Tuesday, December 15, 2009

Crazy Heart, Dull Story

There’s a strong possibility that Crazy Heart will finally give the accomplished yet underrated Jeff Bridges his first Oscar. I have mixed feelings. On one hand, the fallen country star Bad Blake is tolerable because Bridges can find the humor in a lonely, pathetic situation. What’s more, he effectively balances a deteriorating physical condition with an unwavering talent. But too often the film falls back on shots of Blake’s fat gut or scenes of him weeping over broken whiskey bottles. Some will call them dull; others will call them Oscar moments.

It’s a conventional story: a broken-down drunk rides his broken-down truck through a series of small-venue bars scrounging what little cash (and ass) past fame can afford him. He meets a woman named Jean who’s way too hot for him and he’s off on the road to redemption. That Maggie Gyllenhaal - as the single-mother Jean - is about 30 years younger than Bridges is beside the point. It worked last year in The Wrestler. Marissa Tomei connected with Mickey Rourke as failed parents and through shared experiences as showpieces. It also didn’t hurt that Rourke had a six-pack.

In Crazy Heart, Jean seems to fall in love with Blake due to that undying female instinct to save a man who needs saved. That, or she possesses a crystal ball that shows Blake eventually bonding with her toddler son. Gyllenhaal gives a solid performance, but the script doesn't give her much beyond a role as Blake’s love interest. Nor does it spend enough time on the relationship between Blake and Tommy (Colin Farrell), a headliner who offers his mentor a life raft by commissioning him to write a few songs. We learn that the two had a falling out, but the rift and its speedy resolution lessens the complication.

First-time writer/director Scott Cooper reduces Jean and Tommy to stepping stones for Blake’s road to sobriety. The road offers no alternative destination and plods through several obligatory scenes, and it’s to the actors’ credit that the film remains engaging. Additionally, the original music by T-Bone Burnet and Stephen Bruton is pitch-perfect, never sounding too on the nose, compensating for lags within the story.

I am a big Jeff Bridges fan. The Dude is obviously a cultural staple, but my favorite was his high school football star in The Last Picture Show, an understated portrayal of a guy who loses his sense of masculinity. Such performances are why Bridges has remained underrated despite accruing 4 Oscar nods. He delivers again here, but it’s disappointing to see him possibly nabbing the gold for a weaker film that seems like Oscar bait.

Oh, well. As Martin Scorsese knows, sometimes Oscars are career achievement awards.


Cake Man said...

I wouldn't go so far as to say that I disliked Crazy Heart, but I certainly had some issues with it. Jeff Bridges is great, that's undeniable. And he really did an impressive job with all the singing, too.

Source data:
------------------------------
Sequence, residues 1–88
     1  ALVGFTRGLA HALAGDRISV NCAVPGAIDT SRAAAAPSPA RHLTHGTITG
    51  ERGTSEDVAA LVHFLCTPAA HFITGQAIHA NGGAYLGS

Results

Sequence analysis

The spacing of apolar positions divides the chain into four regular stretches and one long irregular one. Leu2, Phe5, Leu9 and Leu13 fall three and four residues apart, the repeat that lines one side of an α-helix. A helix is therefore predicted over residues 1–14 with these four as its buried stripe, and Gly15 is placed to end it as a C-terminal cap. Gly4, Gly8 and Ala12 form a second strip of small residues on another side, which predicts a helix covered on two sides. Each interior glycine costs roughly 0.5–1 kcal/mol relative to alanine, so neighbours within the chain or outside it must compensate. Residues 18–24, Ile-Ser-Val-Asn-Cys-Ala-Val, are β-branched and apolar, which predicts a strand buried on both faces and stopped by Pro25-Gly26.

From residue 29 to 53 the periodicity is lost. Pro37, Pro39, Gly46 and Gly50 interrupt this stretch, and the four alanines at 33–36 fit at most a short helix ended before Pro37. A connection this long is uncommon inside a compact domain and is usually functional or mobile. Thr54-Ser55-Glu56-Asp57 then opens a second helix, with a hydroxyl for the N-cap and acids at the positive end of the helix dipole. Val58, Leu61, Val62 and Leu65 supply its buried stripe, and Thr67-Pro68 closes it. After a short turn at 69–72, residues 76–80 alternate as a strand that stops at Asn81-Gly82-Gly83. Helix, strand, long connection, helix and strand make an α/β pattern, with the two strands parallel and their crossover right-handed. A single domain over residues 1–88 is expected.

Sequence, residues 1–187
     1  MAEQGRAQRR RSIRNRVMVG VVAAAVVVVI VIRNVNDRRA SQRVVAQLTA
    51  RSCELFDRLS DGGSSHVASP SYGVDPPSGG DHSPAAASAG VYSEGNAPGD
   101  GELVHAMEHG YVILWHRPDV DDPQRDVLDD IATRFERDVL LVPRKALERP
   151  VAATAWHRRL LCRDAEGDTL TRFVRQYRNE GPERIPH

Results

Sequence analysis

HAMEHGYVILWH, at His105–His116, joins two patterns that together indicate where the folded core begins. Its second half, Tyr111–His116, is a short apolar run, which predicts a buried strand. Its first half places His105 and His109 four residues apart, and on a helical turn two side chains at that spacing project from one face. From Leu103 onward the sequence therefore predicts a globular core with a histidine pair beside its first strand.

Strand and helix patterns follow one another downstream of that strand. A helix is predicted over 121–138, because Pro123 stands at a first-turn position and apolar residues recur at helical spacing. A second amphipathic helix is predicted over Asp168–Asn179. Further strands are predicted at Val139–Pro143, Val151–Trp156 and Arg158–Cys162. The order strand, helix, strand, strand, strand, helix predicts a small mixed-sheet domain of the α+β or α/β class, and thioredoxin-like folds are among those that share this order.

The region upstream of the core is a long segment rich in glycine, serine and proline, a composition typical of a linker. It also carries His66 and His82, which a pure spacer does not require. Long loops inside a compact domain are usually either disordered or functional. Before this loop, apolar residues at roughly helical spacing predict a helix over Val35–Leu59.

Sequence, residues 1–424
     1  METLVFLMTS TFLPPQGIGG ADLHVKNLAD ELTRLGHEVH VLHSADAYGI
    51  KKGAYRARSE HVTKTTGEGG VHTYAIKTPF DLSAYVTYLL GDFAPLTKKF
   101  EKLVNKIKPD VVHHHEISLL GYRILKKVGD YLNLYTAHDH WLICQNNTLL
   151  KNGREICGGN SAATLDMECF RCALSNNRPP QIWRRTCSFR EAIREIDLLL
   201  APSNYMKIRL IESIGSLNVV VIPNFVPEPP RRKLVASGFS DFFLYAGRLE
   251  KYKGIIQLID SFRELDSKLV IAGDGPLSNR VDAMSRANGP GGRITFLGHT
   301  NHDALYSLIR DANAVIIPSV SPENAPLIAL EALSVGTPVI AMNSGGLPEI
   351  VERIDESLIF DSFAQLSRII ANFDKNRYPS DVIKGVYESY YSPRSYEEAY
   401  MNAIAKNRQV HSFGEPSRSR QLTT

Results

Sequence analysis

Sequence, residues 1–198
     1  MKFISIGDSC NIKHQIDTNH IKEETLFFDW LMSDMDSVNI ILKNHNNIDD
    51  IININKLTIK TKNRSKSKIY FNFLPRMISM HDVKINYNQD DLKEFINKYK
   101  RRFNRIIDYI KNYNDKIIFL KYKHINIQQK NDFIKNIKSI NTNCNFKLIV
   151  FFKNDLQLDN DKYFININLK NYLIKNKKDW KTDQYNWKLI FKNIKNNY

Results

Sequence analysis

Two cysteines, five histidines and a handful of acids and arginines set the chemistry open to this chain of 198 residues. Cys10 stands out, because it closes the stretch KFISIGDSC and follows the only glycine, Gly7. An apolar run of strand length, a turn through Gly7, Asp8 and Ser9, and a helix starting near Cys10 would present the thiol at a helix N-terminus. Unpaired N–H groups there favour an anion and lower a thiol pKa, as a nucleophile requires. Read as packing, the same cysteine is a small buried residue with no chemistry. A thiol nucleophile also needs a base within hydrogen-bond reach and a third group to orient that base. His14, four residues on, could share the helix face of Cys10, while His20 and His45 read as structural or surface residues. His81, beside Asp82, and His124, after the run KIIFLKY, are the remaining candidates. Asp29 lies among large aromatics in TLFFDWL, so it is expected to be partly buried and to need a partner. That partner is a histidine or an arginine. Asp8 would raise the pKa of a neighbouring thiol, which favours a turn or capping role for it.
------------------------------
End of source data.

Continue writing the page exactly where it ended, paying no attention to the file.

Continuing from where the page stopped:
My two biggest complaints were these: for one, there's a lot of music in this movie. A lot. And I don't mean soundtrack; I mean, viewers watch a lot of concerts in venues of all sizes, concerts that last a full song or two on screen. While there obviously should be a lot of music in a film like this, I couldn't help but feel that almost a quarter of the film's run-time was spent on musical acts that really weren't furthering the story. In a movie like Ray or Walk the Line, there are a lot of performances also. But every single one of them managed to further the story. We saw Cash's destructive behavior coinciding with his rise to stardom in "Walk" and each performance conveyed something about the character at that time. The musical scenes in Crazy Heart fell more flat to me. It was as if the audience was asked to listen to the lyrics, since they couldn't get much out of Jeff Bridges standing still and holding a guitar, and few people really listen to what the lyrics are trying to say. There's one exceptional exception to this - a large concert scene with Tommy and Bad on stage together - that breaks the rule in this film. For the most part, the music numbers were not really driving things forward, and because of that, felt like wasted space.

The second problem I had was what Backer referenced - the feud with Tommy. Bad Blake is adamant about not playing with Tommy that we almost expect some major, destructive, life changing blow-out to have happened between them. What we get as an excuse is nowhere near strong enough to earn the payoff that's been set up. More disappointing is that as soon as the two men are reunited, it's as if all that history is gone. Barely even mentioned. I'd have liked more, since I was being reinforced to expect something more.

Anonymous said...

Actually, that would be the late (great) Stephen Bruten. :(